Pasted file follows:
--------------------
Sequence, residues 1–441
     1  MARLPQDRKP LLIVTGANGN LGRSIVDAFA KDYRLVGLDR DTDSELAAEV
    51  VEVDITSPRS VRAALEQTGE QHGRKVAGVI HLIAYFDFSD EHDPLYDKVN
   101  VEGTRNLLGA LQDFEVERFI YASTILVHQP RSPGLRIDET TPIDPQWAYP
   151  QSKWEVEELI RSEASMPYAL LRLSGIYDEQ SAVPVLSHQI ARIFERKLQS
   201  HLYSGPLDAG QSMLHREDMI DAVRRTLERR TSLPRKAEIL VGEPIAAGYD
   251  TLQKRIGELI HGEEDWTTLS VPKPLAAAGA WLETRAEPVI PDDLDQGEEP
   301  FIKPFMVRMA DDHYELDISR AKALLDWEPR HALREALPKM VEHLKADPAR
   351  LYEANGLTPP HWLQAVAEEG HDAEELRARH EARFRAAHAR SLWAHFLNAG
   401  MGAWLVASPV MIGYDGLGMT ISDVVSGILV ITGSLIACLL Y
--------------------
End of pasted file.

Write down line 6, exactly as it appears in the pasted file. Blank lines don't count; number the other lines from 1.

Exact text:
   201  HLYSGPLDAG QSMLHREDMI DAVRRTLERR TSLPRKAEIL VGEPIAAGYD